Albert Einstein once said, “in the middle of difficulty lies opportunity.” That sums up the situation Minnesota lawmakers now face figuring out how to respond to federal tax reform.

The difficulty is created by the need to act this year in a short Minnesota legislative session on something that is justifiably controversial and extremely complicated. The opportunity arises in the circumstances this unique moment offers to improve the operation of our own state tax system.

With the release of his supplemental budget, Gov. Mark Dayton is first out of the blocks in offering his federal tax response plan. The proposal smartly disconnects the starting point for calculating state income taxes from the federal government, which would allow us to design our own system of deductions and credits that makes sense for the state.

However, instead of creating something new, the governor’s plan basically recreates most of the lost federal deductions and exemptions at the state level.

This approach offers two advantages. First, it minimizes the time and effort needed to craft a state response — we would just continue more or less with how things used to be. Second, it’s also the most reliable way to avoid creating “losers” — households whose state income taxes would increase because of the state’s response to the federal reform. Tacking on the governor’s proposed new personal and dependent credit goes even further and turns many break-even households into “winners.”

It’s a smart political approach.

But Minnesota’s long term interests would be better served by taking full advantage of disconnecting from the federal government’s income tax starting point and thinking more strategically about our own package of deductions, exemptions and credits.

There are three reasons why lawmakers should pursue this kind of state tax policy response — one driven by good tax policy.

First, moving away from old federal rules on how income is taxed allows Minnesota to pursue one of the fundamental principles of good tax policy: pairing a broader tax base with lower tax rates. Conforming to federal actions would expand Minnesota’s corporate tax base and allow us to lower one of the nation’s highest corporate tax rates. Lawmakers could apply the same principle to Minnesota’s individual income tax rates, which could be reduced with thoughtful review of not just the tax preferences the federal government has eliminated, but also the ones we have built up in the state tax code over time.

These preferences are often inefficient, unfair, complex and hard to administer. And rate reductions matter, even if the same amount of revenue is collected in the end. Not only are Minnesota’s high “advertised” income tax rates a competitive concern, but research has shown that high rates encourage tax avoidance behaviors and make them more socially acceptable — creating permanent damage to a tax system.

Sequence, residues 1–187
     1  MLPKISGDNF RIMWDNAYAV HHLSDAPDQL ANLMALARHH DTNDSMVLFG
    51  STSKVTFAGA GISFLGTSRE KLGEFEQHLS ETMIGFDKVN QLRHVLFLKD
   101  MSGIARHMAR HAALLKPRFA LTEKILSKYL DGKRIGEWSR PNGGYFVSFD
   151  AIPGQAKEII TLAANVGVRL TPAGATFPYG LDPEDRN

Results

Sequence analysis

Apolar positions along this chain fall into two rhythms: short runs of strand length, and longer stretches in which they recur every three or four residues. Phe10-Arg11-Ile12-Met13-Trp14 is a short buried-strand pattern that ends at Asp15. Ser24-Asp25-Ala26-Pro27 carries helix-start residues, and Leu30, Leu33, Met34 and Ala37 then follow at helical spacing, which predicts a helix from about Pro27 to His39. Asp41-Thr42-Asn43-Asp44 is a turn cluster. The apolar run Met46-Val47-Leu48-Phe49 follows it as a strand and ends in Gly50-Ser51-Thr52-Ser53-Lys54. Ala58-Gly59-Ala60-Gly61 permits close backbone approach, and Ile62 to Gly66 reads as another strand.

Second, we have the opportunity to greatly simplify our tax system. Under the governor’s proposal, many taxpayers would continue to itemize deductions just for state tax purposes. The record keeping and hassle of itemizing are time consuming — and the value of that effort would be a fraction of what it used to be. That’s because the state-only benefit of itemizing is much smaller than a combined state-federal benefit used to be.

Simplification also prevents questionable policy outcomes. For example, why allow deduction of property taxes greater than $10,000 when the state already allocates hundreds of millions per year through the property tax refund program for homeowners with high taxes relative to their incomes? Several states with similar “fiscal DNA” to Minnesota do not allow itemized deductions and instead combine a state standard deduction with a package of personal exemptions to create a simpler and more efficient tax system.

Finally, a status quo strategy entails new risks because state tax policy now matters more than it did prior to federal reform. With business and individual tax relief coming on a national level, state tax policies are now more competitively relevant.

The disadvantage of this good-policy approach is that, as in any true reform, some “losers” might emerge along with “winners.” That prospect can stop tax system improvement in its tracks, especially in an election year, when showing interest in anything that could increase taxes on some subgroup of taxpayers is guaranteed to show up in someone else’s campaign literature.

We need a bipartisan approach and bipartisan cover to take full advantage of the opportunity federal reform presents us. A bipartisan agreement will materialize eventually — the only question is whether it will be driven by politics or good tax policy.

Mark Haveman is executive director of the Minnesota Center for Fiscal Excellence.